Chasing doctor appointments became our focus, with trips to Seattle at least twice a week—a 140 mile round-trip to the surgeon, to the internist, to the prosthetist, stopping to check on my mother at the family home in Edmonds.

I’ll not forget the time we drove into her driveway after a long day of doctor visits. Instinctively I knew that something was wrong. I grabbed my purse, pulled out the key for Mom’s house, and when she didn’t answer the door bell, let myself in.

"Mom?" I called.

No answer.

I smelled smoke, and went to the kitchen to find a pot of potatoes sitting on a red hot burner, about to burst into flame. I pulled them aside and turned off the burner.

"Mom? You here?"

No answer.

The kitchen faucet was running full bore. Hot water. I stepped over to turn it off, and discovered water all over the floor, so I grabbed a couple of kitchen towels and threw them down to start absorbing. Next I rounded a corner into the breakfast nook, and saw the back door into the garage was open and the garage lights were on. I hurried out. "Mom? Mom?"

No answer.

I rushed back into the laundry room, as lights were on there, too.

No mother.

I turned off the lights on my way back into the kitchen. Shut the back door, and then saw my mother in the dining room, looking up at Mike.

"Are you here too?" she asked him, quietly. Her little pink nightie was bloody. My heart jumped with fear.

"Ahh … yep," he answered, then turned to me, a bewildered look in his eyes.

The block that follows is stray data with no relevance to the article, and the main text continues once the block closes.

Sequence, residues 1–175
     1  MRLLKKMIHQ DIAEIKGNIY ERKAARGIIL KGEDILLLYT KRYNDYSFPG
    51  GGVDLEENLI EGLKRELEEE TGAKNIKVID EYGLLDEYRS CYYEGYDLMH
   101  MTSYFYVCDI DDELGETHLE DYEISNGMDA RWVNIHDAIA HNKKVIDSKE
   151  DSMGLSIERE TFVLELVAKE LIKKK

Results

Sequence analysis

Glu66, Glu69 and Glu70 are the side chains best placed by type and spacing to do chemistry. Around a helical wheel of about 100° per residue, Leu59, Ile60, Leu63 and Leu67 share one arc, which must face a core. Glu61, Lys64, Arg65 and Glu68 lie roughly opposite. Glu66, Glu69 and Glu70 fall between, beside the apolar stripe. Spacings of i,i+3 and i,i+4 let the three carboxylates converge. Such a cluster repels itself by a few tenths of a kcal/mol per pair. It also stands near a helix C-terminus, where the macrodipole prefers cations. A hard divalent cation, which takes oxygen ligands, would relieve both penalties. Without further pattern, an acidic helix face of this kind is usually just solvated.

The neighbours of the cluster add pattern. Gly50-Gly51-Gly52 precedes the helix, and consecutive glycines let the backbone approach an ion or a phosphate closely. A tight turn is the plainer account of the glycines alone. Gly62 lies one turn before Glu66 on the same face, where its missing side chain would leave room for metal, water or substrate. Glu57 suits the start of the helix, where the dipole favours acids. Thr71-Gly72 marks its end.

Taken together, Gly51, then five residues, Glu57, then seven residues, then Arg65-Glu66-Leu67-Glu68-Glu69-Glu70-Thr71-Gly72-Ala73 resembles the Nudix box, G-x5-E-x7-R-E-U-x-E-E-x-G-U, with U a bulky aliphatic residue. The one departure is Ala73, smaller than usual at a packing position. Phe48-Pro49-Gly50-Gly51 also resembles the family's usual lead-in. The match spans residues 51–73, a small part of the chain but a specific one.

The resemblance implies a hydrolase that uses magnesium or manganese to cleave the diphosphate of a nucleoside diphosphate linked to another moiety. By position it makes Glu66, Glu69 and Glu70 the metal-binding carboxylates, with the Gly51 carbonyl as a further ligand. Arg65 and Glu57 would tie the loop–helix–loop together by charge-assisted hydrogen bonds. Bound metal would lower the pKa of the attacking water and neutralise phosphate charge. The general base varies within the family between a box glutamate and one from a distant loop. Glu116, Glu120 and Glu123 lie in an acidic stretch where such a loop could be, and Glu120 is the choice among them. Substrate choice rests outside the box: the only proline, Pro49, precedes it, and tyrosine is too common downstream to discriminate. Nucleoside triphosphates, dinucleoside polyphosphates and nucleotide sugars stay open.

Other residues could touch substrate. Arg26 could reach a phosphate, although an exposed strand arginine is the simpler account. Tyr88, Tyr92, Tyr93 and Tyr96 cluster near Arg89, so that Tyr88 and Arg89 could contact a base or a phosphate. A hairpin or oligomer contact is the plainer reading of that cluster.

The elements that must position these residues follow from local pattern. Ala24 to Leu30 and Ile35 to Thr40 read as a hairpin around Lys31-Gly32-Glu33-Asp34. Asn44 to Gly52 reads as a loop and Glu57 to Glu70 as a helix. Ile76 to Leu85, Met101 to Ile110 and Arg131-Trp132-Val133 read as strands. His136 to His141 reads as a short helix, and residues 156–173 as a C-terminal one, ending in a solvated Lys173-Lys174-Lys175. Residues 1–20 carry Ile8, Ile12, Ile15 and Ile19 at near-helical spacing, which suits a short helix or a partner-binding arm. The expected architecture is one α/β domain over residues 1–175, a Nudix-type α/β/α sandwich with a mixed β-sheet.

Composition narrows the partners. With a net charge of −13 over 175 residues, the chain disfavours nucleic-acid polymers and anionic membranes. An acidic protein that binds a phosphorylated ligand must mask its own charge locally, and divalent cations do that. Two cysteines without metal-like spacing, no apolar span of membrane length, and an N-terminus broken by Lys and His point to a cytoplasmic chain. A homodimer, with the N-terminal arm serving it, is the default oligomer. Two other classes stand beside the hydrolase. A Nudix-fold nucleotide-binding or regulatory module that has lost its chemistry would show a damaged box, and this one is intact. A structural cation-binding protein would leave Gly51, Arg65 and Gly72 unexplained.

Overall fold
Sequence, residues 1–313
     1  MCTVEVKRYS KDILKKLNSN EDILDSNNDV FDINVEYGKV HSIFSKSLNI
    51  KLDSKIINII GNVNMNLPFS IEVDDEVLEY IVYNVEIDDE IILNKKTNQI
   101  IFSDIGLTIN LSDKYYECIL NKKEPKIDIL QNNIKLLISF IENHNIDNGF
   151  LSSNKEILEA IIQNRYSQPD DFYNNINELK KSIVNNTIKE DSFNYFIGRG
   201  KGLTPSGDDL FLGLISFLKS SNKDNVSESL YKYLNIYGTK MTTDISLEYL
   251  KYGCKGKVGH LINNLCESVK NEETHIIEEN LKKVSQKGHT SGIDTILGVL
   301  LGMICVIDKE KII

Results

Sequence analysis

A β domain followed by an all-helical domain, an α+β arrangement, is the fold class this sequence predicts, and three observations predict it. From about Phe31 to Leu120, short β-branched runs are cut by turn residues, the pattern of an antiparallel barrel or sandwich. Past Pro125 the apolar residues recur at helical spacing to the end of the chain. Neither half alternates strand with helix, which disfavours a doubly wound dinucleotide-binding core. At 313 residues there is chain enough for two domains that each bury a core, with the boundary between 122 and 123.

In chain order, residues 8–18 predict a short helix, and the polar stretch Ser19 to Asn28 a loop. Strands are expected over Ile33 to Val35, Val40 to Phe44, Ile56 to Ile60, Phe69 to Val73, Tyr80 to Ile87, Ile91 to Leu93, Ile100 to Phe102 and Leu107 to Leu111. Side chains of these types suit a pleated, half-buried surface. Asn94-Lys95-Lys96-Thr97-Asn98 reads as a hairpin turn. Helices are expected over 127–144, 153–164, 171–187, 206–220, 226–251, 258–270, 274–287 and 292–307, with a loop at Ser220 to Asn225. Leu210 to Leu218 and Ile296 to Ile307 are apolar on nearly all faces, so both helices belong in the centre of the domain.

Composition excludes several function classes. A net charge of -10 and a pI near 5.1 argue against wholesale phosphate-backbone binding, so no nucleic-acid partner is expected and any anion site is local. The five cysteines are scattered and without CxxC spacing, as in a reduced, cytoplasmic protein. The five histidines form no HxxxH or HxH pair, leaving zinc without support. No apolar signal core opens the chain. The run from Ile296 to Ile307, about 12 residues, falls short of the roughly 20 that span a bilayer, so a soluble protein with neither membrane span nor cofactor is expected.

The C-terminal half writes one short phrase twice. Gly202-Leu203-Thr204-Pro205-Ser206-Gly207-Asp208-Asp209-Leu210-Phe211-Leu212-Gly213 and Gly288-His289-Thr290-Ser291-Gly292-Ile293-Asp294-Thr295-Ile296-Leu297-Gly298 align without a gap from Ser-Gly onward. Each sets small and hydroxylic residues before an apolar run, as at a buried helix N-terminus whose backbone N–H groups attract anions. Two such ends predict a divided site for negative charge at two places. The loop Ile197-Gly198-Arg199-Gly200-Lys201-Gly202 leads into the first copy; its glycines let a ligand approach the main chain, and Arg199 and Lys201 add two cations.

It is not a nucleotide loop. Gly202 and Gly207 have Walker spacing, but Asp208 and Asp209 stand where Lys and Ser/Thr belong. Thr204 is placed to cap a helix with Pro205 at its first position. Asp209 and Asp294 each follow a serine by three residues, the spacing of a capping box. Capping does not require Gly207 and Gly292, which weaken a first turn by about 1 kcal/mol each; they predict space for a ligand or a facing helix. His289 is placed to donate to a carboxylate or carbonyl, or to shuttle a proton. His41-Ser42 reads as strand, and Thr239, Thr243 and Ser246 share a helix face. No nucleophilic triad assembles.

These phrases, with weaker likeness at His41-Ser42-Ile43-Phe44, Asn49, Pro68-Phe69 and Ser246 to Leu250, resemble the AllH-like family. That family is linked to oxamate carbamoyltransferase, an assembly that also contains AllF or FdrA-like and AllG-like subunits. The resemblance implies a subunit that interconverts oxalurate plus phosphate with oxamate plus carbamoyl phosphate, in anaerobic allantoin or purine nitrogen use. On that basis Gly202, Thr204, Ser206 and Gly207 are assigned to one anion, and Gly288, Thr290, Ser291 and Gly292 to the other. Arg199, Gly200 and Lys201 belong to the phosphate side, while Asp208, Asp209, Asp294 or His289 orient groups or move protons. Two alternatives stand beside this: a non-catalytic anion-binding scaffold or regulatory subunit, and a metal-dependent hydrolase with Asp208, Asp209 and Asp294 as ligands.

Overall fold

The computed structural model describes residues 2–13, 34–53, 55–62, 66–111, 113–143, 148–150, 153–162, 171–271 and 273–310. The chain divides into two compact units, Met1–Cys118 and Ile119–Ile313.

I approached my mother. "What happened, Mom?"

She smiled at me, but didn’t respond. She looked dazed. I wasn’t convinced that she knew who I was. Thoughts of a break-in, of someone beating her and God knows what else, raced into my mind.

"Keep her in sight, Mike," I said. "I’m going to call Norm."

I hurried to the phone in the breakfast nook and dialed my younger brother’s number, praying that he’d be home.

"Hello…"

"Hi. Norm. I’m at Mom’s. There’s trouble here … I need your help." I quickly explained about the water, the burnt spuds, blood on Mom. "Can you come right away?"

"Uhhhhh. Let me make a phone call, and I’ll be right there."

"Okay. Thanks." I hung up and headed again for Mom.

"Let’s get you cleaned up." I gently took her arm and guided her to the bathroom. I wrung out a washcloth and began cleaning the blood off her arm and hand. I saw only minor scrapes, and deduced that she’d taken a fall when getting out of bed too fast—something my Dad had mentioned happened from time to time. They suspected her blood pressure medicine.

After I’d dried her off, I led her to her bedroom to find some clothes. She balked at any suggestion from me. Then she picked up a pink, quilted pull-on top and sat on the bed to put it on—feet-first into the sleeves. She stood up and tried to pull it up, like a pair of pants. I couldn’t stop myself, I giggled out loud—she looked like some cartoon character out of Mad Magazine!

"Mom. This is not a pair of pants." I tugged lightly on a sleeve. "It’s a top. Let’s take it off, and put it on over your head."

She looked confused—agitated almost—but eventually let me remove it and help her put it on where it belonged. Poignant, that moment, when I realized this was more than a morning fall—something must have gone wrong in her brain. I knew she needed more help than I could give. She needed a hospital, and I would take her there as soon as I could get her dressed.